GPUs can usually work fine if they are in the 45W or below range. I've used with great success NVidia Quadro K620 and K600 cards in my Poweredge. The Passive Geforce cards from the previous gens (GT730, etc...) can also be used successfully.

Here's my Poweredge T130:
# lspci |grep VGA
01:00.0 VGA compatible controller: NVIDIA Corporation GF108 [GeForce GT 620] (rev a1)
That card was replaced by a GT 730:
lspci |grep VGA
01:00.0 VGA compatible controller: NVIDIA Corporation GK208 [GeForce GT 730] (rev a1)

And here's the Poweredge T430:
# lspci |grep VGA
03:00.0 VGA compatible controller: NVIDIA Corporation GF108GL [Quadro 600] (rev a1)

- Sound

Servers don't have sound cards.. but I've used with much success USB audio adapters to get sound from Videos and Games on my Linux Servers/Workstations.
These can usually be obtain for about USD10 on amazon or e-bay:

  • Tip #3 : Use the right settings
Dell servers need some parameters passed to the iDrac in order to keep noise to a minimum even when using 3rd Party PCI-E cards.

Disable PCI-E 3rd Party thermal reponse (can also be done from the iDrac submenu of the BIOS GUI):

Here's a 13th Gen server. I hightlighted the most important fields.

/admin1-> racadm get System.ThermalSettings[Key=System.Embedded.1#ThermalSettings.1]

ThermalProfile=Minimum Power

Some of these can be modified by using the iDrac CLI:
/admin1-> racadm set  System.ThermalSettings.FanSpeedOffset Off      
/admin1-> racadm set  System.ThermalSettings.ThirdPartyPCIFanResponse 0
Object value modified successfully

To be continued...

Thursday, July 28, 2016

Of Samsung SSD's, LSI HBA's and SSD firmwares.


Everyone loves SSD's, that's no doubt but when it comes to updating the of-so-very-important firmware things become quite complicated quickly:

First, I don't run Windows or OSX on my most important hardware (the hypervisors/workstations).

Second, I run most of my SSD's behind an LSI HBA (to benefit from the cache and from the processing power of the LSI card).

Here's how I did -without- Windows or OSX and -without- taking my SSD's out of my boxes.

A few words of warning

This post is not a full "Method Of Procedure" and is very specific.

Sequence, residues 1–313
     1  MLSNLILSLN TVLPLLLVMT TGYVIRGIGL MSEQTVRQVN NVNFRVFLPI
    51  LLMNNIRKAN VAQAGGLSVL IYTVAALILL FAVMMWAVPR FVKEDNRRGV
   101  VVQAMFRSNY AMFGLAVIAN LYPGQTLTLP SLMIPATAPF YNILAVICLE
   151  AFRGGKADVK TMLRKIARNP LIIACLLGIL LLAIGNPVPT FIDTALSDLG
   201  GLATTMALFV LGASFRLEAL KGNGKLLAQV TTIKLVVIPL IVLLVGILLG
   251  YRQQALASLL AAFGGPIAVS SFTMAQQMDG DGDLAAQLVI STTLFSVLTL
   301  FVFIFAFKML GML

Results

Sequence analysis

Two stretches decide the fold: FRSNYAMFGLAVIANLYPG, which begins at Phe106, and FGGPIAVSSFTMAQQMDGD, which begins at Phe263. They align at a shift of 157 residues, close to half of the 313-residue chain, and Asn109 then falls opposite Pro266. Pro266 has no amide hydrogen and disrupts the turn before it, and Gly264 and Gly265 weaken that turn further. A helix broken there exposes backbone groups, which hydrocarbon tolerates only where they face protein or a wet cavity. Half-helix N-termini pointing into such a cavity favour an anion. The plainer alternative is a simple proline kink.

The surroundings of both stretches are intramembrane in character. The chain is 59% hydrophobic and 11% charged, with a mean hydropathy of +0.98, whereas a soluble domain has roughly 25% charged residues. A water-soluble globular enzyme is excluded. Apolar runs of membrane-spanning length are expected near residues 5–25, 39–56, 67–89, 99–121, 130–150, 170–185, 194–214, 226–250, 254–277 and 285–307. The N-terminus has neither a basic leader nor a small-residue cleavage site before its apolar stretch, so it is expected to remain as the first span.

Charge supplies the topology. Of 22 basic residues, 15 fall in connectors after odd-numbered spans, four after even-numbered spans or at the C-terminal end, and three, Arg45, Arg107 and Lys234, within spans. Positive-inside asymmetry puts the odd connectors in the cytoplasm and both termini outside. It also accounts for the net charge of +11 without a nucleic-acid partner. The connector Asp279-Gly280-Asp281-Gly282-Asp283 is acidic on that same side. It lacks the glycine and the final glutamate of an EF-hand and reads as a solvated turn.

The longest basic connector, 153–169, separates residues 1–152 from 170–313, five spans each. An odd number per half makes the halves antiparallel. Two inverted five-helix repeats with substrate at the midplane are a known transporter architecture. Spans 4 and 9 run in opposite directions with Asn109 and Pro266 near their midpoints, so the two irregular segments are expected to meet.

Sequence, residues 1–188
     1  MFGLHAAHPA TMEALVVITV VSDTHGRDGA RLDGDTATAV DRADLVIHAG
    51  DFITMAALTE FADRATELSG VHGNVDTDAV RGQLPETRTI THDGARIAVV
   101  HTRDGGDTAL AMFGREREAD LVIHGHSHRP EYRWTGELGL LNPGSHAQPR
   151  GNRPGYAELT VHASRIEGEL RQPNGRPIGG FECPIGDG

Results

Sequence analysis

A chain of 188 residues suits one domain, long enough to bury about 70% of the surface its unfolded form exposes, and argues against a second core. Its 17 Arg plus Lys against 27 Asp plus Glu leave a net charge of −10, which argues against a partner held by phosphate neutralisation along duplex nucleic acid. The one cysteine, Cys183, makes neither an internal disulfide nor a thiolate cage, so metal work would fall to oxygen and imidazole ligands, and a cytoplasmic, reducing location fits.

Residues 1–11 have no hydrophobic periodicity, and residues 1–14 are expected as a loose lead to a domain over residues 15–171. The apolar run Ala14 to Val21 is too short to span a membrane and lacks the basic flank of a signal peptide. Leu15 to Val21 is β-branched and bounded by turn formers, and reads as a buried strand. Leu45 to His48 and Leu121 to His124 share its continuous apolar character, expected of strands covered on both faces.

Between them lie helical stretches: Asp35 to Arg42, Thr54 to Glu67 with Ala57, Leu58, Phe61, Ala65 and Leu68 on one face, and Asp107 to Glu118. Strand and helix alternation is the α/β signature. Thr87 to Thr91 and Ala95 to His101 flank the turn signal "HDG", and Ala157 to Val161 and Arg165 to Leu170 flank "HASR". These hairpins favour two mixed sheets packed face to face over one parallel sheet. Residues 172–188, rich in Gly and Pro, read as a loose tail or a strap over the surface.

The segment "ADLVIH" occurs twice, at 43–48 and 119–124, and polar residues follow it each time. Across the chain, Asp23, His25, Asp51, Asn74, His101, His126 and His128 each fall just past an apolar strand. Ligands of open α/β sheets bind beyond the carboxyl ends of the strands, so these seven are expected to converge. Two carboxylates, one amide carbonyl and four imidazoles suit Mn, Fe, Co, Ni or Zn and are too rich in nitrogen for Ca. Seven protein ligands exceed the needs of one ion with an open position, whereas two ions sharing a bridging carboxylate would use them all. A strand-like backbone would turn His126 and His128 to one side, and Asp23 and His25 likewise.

It is -NOT- for the average user and it requires some good Linux knowledge.
If things go wrong, it may brick/destroy your SSD, your PC and even your HD TV.
It will most likely require to be adapted in most cases unless you have a very similar setup.
The purpose of this post is to show that there are alternative ways available and that you do NOT have to tear up your gear only to update firmware.

Chances are that this might work for SSD's from Intel, Crucial and others but you won't know until you've found a way to decrypt/un-obfuscate their firmwares.

Please do not attempt to go through these steps unless you know what you are doing.

Hardware Setup

- Dell Precision T5610 (128Gb RAM, dual 6-cores Xeons, LSI Megaraid 9271-8i 1Gb)
- RHEL 6.8.z
- Samsung SSD 840 EVO m-Sata with StarTech  2.5-Inch SATA to Mini-SATA SSD Adapter

Here's a view from the LSI HBA of the above setup (SSD firmware highlighted blue):

# megaclisas-status
-- Controller information --
-- ID | H/W Model                | RAM    | Temp | BBU    | Firmware
c0    | LSI MegaRAID SAS 9271-8i | 1024MB | 55C  | Absent | FW: 23.34.0-0005
-- Array information --
-- ID | Type   |    Size |  Strpsz |   Flags | DskCache |   Status |  OS Path | CacheCade |InProgress
c0u0  | RAID-0 |    931G |  256 KB | ADRA,WT |  Enabled |  Optimal | /dev/sda | None      |None
c0u1  | RAID-0 |   3637G |  256 KB | ADRA,WB |  Default |  Optimal | /dev/sdb | None      |None
-- Disk information --
-- ID  | Type | Drive Model                                            | Size     | Status          | Speed    | Temp | Slot ID  | LSI Device ID
c0u0p0 | SSD  | S1KRNEAFB01520M Samsung SSD 840 EVO 1TB mSATA EXT42B6Q | 931.0 GB | Online, Spun Up | 6.0Gb/s  | 36C  | [252:0]  | 1